Appendage Promises A Lot, But Never Quite Delivers

We’re officially into the first week of October, so everyone’s releasing their scary movies for Halloween season. Last year, Hulu went big with its Hellraiser remake. And just over a week ago, Hulu platformed its unique spin on alien invasions, No One Will Save You. Now its latest release, Appendage, promises to mix horror and comedy in its Gen-Z infused take on anxiety and self-doubt. With a young cast of up-and-comers, Appendage has an interesting hook that’s mostly divided critics.


Hannah is a talented fashion designer with a great best friend and a relationship going in the right direction. On the surface, her life looks likes filled with potential. But Hannah suffers from anxieties about her career, relationships, and past traumas. Her struggles to bury these insecurities to make things easier for the people around her begins to manifest in sharp abdominal pains. And then somehow her anxieties taken on a physical form when a grotesque appendage emerges from her body. As the appendage grows and takes form, it increasingly assumes more control over Hannah’s life.

Appendage is Packed With Interesting Ideas and Big Themes

Written and directed by Anna Zlokovic, Appendage is filled with plenty of interesting ideas. From its opening scene, Zlokovic immediately establishes the emotional complexity of Hadley Robinson’s ‘Hannah’ and her relationships. Subsequent scenes neatly arrange how Hannah’s family, friend, and boss place implicit and explicit strains on her. The messaging around how we ignore and push away our anxiety, depression, and trauma isn’t exactly subtle. But it’s also important subject matter ripe for exploration in horror. Using body horror to exemplify the tolls of mental illness is just one of the clever ideas in Appendage. And its bigger themes around coming to terms with one’s own insecurities and limitations is big stuff for a genre movie.

Appendage is filled with plenty of interesting ideas.

Some of the rules that govern the ‘appendages’ and their ‘hosts’ get a bit foggy over the course of the Hulu thriller. There’s a couple of fun mid-act twists that introduce some later narrative problems in service of the ‘bigger ideas’. Of course, Hadley Robinson’s dual performance as ‘Hannah’ and her ‘appendage’ makes it easy to overlook these smaller issues. And Emily Hampshire bring a lot of wicked fun to her role as another ‘appendage’ and something of a tour guide for Hannah. Across the board, all of the performances feel fun and fresh, particularly Kausar Mohammed who adds necessary levity now and then.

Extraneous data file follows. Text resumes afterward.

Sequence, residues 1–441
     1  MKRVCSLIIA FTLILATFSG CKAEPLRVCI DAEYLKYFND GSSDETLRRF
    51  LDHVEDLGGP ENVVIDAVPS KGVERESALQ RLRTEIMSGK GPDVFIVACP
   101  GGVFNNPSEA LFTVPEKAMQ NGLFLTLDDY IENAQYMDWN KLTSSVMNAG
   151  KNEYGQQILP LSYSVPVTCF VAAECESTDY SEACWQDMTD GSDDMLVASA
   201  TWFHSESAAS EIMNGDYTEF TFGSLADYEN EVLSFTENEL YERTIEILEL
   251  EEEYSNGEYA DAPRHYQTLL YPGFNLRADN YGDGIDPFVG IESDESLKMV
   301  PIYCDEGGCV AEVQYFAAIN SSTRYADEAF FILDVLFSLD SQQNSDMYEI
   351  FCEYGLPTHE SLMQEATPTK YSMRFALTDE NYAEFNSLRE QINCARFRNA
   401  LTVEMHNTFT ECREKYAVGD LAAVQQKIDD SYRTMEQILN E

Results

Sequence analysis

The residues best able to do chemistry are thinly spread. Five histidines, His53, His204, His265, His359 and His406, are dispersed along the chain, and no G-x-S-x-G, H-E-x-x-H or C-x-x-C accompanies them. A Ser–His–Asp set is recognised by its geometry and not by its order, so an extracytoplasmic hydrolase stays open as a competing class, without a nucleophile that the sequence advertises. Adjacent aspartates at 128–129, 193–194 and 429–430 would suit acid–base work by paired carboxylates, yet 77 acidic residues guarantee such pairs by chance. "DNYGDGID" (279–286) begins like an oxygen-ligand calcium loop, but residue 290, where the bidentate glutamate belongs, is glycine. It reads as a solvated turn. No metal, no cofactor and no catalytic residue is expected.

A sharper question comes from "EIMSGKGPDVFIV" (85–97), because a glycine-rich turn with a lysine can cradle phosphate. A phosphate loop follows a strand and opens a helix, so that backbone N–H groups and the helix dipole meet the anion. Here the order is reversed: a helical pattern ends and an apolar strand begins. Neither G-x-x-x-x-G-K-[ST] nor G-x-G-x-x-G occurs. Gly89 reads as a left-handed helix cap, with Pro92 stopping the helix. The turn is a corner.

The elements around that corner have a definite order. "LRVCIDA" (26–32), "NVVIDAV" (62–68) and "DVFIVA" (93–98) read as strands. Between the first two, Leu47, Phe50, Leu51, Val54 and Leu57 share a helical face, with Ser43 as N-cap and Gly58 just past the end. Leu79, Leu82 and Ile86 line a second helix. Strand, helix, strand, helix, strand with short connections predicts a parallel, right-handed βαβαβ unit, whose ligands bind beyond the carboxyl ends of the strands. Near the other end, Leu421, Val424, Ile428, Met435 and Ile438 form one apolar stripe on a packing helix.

Appendage Can’t Quite Stitch Together All of Its Ideas Into a Compelling Movie

Despite all of these big ideas, Appendage never comes together a complete viewing experience. Promotional materials for the Hulu release characterize the movie as a horror-comedy. Yet the horror elements definitely come across as a mixed bag. Yes, Zlokovic includes bits of body horror on a very surface level. There’s a yucky body wound and a couple of scenes with a long protruding tongue doing … well, some sort of sucking of body energy. But there’s little here that qualifies as the kind of body horror you’d find in most Rated-R horror movies. In general, the horror here is pretty light stuff with little scares and something of a perfunctory finale that fails to capitalize on the potential for suspense that’s set up.

Appendage never comes together a complete viewing experience.

Yet Appendage also falls short on the comedy end of the spectrum. As mentioned above, Mohammed’s ‘Esther’ lightens things up occasionally and her banter with Robinson’s ‘Hannah’ is fun. However, like the connotation of body horror, when you say ‘horror comedy’, the term conjures up images of over-the-top carnage or biting satire. Perhaps Zlokovic spent so much time crafting a thoughtful commentary that she neglected to add more horror and comedy elements. Whatever the case, Appendage never quite clicks as a cohesive movie

Appendage Circles Around a Good Movie, But Never Quite Gets There

While its concept borrows most recently from James Wan’s Malignant and, to a lesser extent, 80s cult classic Basket Case, Appendage feels like a wholly unique horror movie. In fact, the idea here isn’t the Hulu thriller’s major problem. Zlokovic weaves in some big ideas into her movie’s story and mythology – there are deep themes here. Nevertheless, the execution of these ideas and themes never fully clicks. Light on scares and humor, Appendage also barely qualifies as body horror as what’s put on screen feels pretty light. All of the performances are strong. The production values are also top notch. But it’s never as involving as its own story demands.


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I am a Criminology professor in Canada but I've always had a passion for horror films. Over the years I've slowly begun incorporating my interest in the horror genre into my research. After years of saying I wanted to write more about horror I have finally decided to create my own blog where I can share some of my passion and insights into the films I love.

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